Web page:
It's great to be a woman in southern Africa - and why the rest should be jealous

Women form 28% of South Africa's defence forces, and 26% of Namibia's.

THERE is a confident swag in the way a South Africa woman walks through the office. She is used to being treated as an equal in recent years. Men do not routinely talk over her and her opinion matters. 

For decades the southern African nation has worked towards achieving gender parity and signs of female empowerment can be seen all over the country; August 9th – a national holiday dedicated to South African women, the “ Wonder Women” project to create a life size steel statues of iconic South African women, and the “Top Women” publication celebrating organisations that excel in gender empowerment, are just a few examples. 

The numbers say it

And it’s not all lip service - there are also statistics to support this equity. The  World Economic Forum’s Global Gender Gap ranked South Africa 17th out of 136 countries, the second best performing country of all upper-middle income countries. But it was not an easy road getting to this position, and there are small reminders as to the way things used to be.  

Every year the month of August commemorates South Africa’s women - this month in 1956 marked a turning point, when thousands of women, regardless of class and race, came together and protested the sexist “pass laws”. The month is thus not only a tribute to the thousands of women who marched, but also a testament to the pioneers of the women’s movement in South Africa.

What is fitting, and by no means a coincidence, is that as the month drew to a close, the 2014 Southern African Development Community (SADC)  Gender Protocol Barometer was launched in the country. South Africa is just one of the 15 SADC countries who are using a Barometer to benchmark progress by towards achieving 28 targets outlined in the SADC Protocol on Gender and Development by 2015. 

In fact SADC is the only region in the world with a legally binding Protocol for achieving gender equality. It came about in 2008 when members states decided that the Millennium Development Goals were too limited, that they fail to address the root causes of poverty - most especially women’s inequality - making it impossible for the goals to be transformative. 

Impressive gains

Since the Protocol was instated, the gains made in areas like political representation and education have been impressive – with an average of 26% of women in parliament and 24% in local government, the  SADC region comes second only to the Nordic countries with regard to women’s political representation. Eleven of the SADC countries have since also undertaken some form of constitutional reform that has a bearing on gender equality. Thus Zimbabwe has now adopted a quota for women in parliament. With 49% women in local government, Lesotho was the key performer in the region and has the highest proportion of women in any area of political decision-making.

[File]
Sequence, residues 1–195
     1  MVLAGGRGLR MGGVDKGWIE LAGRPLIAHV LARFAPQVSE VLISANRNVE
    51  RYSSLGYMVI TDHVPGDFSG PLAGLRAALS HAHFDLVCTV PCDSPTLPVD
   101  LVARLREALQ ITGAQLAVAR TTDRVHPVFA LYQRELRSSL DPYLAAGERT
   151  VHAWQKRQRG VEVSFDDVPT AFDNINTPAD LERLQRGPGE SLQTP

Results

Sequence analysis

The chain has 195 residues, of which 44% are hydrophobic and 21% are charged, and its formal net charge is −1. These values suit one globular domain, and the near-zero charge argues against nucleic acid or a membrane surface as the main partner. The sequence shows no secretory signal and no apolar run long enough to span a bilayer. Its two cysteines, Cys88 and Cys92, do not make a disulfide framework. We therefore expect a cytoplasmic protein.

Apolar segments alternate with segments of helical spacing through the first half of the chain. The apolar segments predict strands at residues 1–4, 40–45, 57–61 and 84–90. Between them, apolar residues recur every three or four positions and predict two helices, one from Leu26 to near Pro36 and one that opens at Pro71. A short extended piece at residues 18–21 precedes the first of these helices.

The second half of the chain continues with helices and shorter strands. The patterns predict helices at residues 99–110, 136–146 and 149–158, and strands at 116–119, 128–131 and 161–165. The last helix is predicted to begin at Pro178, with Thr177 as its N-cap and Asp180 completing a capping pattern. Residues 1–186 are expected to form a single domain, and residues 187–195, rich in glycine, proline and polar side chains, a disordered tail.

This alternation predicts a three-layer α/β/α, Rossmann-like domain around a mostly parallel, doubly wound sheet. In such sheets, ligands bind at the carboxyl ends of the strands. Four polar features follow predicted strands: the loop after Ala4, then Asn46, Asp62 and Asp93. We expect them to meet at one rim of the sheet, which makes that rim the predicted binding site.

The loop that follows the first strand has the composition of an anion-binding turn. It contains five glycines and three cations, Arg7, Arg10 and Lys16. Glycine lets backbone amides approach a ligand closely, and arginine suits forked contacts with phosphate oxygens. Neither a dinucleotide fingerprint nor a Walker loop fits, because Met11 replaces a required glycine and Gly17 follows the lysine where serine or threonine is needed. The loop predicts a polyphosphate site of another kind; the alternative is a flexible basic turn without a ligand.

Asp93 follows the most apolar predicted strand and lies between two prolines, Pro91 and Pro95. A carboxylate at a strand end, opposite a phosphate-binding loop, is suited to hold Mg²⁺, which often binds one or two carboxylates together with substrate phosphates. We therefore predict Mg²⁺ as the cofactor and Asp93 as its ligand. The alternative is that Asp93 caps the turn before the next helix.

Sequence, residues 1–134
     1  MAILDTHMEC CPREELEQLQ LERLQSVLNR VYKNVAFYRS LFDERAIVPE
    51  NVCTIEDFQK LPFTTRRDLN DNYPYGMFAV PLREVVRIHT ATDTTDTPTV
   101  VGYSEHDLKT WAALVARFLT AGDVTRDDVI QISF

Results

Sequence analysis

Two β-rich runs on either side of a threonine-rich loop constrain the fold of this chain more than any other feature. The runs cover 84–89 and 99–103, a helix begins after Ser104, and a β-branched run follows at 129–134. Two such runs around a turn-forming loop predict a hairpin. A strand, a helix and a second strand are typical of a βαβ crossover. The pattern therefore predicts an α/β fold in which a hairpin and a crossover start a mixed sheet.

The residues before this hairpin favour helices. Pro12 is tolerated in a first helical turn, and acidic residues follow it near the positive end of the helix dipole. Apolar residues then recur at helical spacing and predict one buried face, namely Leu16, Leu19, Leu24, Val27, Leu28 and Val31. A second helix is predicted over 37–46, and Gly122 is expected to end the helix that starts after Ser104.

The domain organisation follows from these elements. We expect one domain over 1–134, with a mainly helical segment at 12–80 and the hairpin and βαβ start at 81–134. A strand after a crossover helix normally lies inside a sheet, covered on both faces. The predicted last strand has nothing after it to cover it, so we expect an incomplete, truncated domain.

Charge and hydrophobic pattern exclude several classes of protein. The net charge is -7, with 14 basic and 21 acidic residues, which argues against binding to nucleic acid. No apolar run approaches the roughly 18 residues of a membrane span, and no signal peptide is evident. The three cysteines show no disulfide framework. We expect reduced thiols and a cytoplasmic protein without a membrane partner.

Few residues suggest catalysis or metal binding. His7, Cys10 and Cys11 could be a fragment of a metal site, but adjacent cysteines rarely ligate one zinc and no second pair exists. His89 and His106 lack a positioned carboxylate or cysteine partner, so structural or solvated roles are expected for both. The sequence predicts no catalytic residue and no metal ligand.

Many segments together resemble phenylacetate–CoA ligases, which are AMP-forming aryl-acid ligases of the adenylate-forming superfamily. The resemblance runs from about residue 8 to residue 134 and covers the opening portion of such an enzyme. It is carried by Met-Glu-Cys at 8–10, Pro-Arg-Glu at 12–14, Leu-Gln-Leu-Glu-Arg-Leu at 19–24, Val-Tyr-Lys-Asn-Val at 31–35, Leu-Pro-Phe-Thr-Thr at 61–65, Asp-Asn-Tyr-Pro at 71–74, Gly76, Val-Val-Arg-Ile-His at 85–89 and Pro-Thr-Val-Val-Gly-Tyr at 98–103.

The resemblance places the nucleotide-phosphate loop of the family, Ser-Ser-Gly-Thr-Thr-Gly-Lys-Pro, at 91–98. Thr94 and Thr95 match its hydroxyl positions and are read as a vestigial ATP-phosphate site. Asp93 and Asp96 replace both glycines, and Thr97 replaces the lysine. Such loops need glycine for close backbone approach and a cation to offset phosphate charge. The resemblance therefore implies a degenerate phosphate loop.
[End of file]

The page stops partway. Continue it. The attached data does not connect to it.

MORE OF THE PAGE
In terms of education, seven countries in the region - Botswana, Lesotho, Mauritius, Seychelles, South Africa, Swaziland and Zambia - have higher proportions of women than men at tertiary level.  

There has also been a reduction in maternal mortality rate in most countries. The proportion of women in economic decision-making rose by nearly 50% from 18% in 2009 to 26% in 2014 ,and there have been improvements in the number of women in the labour force with women even taking up more positions in the defence forces; women constitute 28% of the defence forces in South Africa and 26% of Namibia’s Defence Forces; 38% of the police in Seychelles and 52% of correctional services staff in Seychelles.

The Barometer uses two measures for progress; the “SADC Gender and Development Index (SGDI)”, that evaluates 23 empirical indicators in six areas - education, political participation, the economy, health, HIV and AIDS, and the media - and the “Citizen Score Card” (CSC) that measures citizen perceptions of their government performance on delivering the 28 targets of the protocol.

The CSC is valuable in that it is based on perceptions, and captures nuances that are not incorporated in the empirical data - such as gender based violence. At 66% the score remained unchanged from last year. 

The good news is that for the first time in six years the SDGI went up in 2014, from 66% to 67% - that bad news is that it was tiny, probably due to the mixed basket of results for the SADC countries. The SGDI for six countries (Angola, Botswana, Swaziland, Tanzania, Madagascar and Mozambique) increased while that of the Democratic Republic of Congo (DRC), Lesotho, Malawi, South Africa and Zambia went down. Three countries Seychelles, Mauritius and Zimbabwe have been static since 2013.

When looking at the specific indicators, the SGDI dropped by marginally in governance - attributed to a decline in women’s political representation in Swaziland, Malawi and South Africa. HIV and AIDS had a drop, while economy and health picked up by a small percentage each.

This mixed progress is expected considering the vast range of countries that form the SADC - what can’t be knocked however is the extra dedication that these countries are putting toward securing a more equitable future for their women. 

Do you think SADC countries are doing enough? Get in touch at editorial(at) 

-Twitter: @Samooner

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